Pristine references to the classic motif of Healing Tears abound: a rubber band “landed in my palm like a rain drop” (chapter 2); “I pressed my fingers into my welling eyes and fumed” (chapter 3); “the strange ache flooded up my throat and spilled down my face in an unexpected wash of tears” (chapter 6); “pain welled again, like hot liquid poison trickling down the walls of my stomach” (chapter 40); abundant descriptions of eyelashes, eyelids, blinking, lenses, glasses, even safety goggles (a joke about the can of mace that Andrea sprays into Ryan’s eyes); “peripheral vision” (chapter 9); and the tinkling of paint-brushes in a water-glass (chapter 42). The optical theme is expanded to include concentration – “I forced my eyes to focus” (chapter 15) – as well as betrayal: “a treacherous sea of history”; also  a spin on frames in the sense of how we perceive reality: “So did he choose the frames, or you?” (chapter 16); “a loud wave of music” (chapter 35); and an ever-increasing need to avoid the watching eye of Andrea.

Briars and brambles of the fairy tale forest are invoked in a contemporary context by the “busy, gnarled trees” of the library lawns (chapter 8), which become “spiky purple shadows” – like thorns – in the subsequent chapter.

Several fairy tale creatures appear, as similes or poetic metaphors, such as “a cake tin in the shape of a frog” (chapter 45) and “the leather couches were hunched like ogres against a tapestry of stars” (chapter 36). There is also a charming allusion to the French children’s novel The Little Prince by Antoine de Saint-Exupéry. And it would be remiss not to mention the inclusion of pregnancy and birth, no less with twins: another reference to Rapunzel, particularly in the independence with which the heroine delivers them before reuniting with her prince.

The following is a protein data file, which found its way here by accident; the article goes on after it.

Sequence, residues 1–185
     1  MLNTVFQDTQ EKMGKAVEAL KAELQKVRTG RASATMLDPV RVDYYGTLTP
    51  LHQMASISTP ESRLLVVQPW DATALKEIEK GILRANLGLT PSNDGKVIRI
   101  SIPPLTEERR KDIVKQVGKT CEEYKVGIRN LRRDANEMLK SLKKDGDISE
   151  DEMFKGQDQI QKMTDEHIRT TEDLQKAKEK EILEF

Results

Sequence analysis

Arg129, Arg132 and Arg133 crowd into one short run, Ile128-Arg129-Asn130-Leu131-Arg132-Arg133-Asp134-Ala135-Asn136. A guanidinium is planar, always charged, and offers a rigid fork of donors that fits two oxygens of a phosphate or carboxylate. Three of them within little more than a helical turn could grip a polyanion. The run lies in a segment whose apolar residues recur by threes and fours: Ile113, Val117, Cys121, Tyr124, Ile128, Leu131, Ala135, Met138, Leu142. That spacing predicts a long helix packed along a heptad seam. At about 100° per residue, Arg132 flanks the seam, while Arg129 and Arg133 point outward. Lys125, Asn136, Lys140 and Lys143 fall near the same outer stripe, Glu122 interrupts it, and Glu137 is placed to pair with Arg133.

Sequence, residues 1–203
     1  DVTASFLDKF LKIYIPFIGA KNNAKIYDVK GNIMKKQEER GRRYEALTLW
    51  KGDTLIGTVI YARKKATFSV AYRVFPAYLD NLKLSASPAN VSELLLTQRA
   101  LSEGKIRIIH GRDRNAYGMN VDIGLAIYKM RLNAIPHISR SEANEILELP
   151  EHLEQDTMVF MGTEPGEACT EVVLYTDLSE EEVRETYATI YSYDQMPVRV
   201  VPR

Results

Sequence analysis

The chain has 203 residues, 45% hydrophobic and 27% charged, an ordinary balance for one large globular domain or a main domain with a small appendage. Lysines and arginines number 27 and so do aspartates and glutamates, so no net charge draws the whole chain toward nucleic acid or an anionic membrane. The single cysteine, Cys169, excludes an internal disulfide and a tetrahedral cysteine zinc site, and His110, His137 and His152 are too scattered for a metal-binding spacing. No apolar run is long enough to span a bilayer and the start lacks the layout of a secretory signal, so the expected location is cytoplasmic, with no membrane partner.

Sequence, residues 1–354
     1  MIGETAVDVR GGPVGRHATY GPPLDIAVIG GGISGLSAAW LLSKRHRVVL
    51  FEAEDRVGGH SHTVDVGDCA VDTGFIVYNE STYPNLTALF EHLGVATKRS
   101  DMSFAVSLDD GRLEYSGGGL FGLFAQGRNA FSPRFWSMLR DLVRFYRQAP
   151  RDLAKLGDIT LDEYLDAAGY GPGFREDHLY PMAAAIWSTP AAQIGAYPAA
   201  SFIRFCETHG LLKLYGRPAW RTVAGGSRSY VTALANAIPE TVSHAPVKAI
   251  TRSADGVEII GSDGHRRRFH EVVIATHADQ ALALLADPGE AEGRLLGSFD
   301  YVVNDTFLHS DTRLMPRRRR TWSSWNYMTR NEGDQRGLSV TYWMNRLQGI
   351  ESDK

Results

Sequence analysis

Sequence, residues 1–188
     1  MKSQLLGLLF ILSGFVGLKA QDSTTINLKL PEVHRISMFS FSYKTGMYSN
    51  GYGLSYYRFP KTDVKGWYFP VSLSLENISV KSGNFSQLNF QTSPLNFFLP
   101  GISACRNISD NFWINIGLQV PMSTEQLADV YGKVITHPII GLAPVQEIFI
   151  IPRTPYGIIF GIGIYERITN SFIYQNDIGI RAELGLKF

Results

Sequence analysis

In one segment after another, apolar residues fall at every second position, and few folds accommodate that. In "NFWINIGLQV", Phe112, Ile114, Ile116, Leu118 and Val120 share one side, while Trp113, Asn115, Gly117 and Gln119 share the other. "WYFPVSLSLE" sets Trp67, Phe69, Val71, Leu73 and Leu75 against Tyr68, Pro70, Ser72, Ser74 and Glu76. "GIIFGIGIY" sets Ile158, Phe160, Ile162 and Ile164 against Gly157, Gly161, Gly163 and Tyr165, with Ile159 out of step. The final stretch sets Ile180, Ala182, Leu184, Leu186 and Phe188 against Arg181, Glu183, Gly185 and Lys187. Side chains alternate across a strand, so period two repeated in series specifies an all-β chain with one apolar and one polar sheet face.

By part IV, Sage has come into her own, instructing young women in an art class on the transience and misconceptions of beauty. In chapter 45 Ryan Prince recognises her as “sagacious”. The castle he lovingly builds her is made of fruit with cantaloupe bricks, figs like edible minarets, moats of blueberries, honey-dew grass and apple-slice cobblestones. It is also in this segment of the book that its female protagonists strive for a meeting of minds, a compromise or reconciliation, if not perfect resolution. There remain, by the author’s intention, questions for mothers to ask as to how to raise their daughters amidst competing pressures: on the one hand, the rigorous demands of post-feminist academia; on the other, lurid objectification of female bodies. Fiona Price has successfully ramped up both extremes in this story to illustrate this polarity. Both forces are rampant. Therein lies the magical tension in Sage Rampion’s name.

I enjoy the symmetry of structure: four parts marked by Roman numerals I to IV, each title commencing with the definite article that highlights their solidity: The Ivory Tower; The Golden Tower; The Wilderness; The Castle. They signal variant forms of imprisonment – even wilderness, for being lost is a limitation, where boundlessness becomes the ultimate boundary, manifesting in unbridled relativism; as Terry Eagleton has argued in The Illusions of Postmodernism, once we dismiss all morality as merely relative, we can abdicate from any moral responsibility for anything, thus may permit atrocity without condemnation. Yet this novel is not didactic. It is questioning. That haunting, gnawing anxiety is one of its many attributes.

There are many witty, memorable lines that I won’t quote, since part of their charm is their unexpectedness and speed.

By contrast, it took me a while to resolve a technical glitch with Kindle Cloud. Now I can’t stop. Way to drag me into a brave new century! My eyeballs are grateful for enlargeable font. That being said, I still love printed books, so if someone publishes it in that form, I’ll gladly buy it all over again. Meanwhile, I’ll be ramping up sage sprigs for many a brew.